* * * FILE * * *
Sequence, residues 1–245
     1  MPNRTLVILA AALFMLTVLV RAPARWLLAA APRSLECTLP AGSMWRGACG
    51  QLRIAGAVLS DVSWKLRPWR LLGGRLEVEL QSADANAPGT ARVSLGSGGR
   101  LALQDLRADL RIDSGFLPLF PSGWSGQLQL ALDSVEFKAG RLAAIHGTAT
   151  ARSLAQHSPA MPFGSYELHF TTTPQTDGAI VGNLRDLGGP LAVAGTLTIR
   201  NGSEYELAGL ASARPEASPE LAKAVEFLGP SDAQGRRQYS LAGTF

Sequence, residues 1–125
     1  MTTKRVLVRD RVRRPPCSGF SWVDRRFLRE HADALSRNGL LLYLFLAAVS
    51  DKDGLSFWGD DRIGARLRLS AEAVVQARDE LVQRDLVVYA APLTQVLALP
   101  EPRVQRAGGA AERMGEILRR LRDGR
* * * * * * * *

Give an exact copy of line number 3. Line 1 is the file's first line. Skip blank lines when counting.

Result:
    51  QLRIAGAVLS DVSWKLRPWR LLGGRLEVEL QSADANAPGT ARVSLGSGGR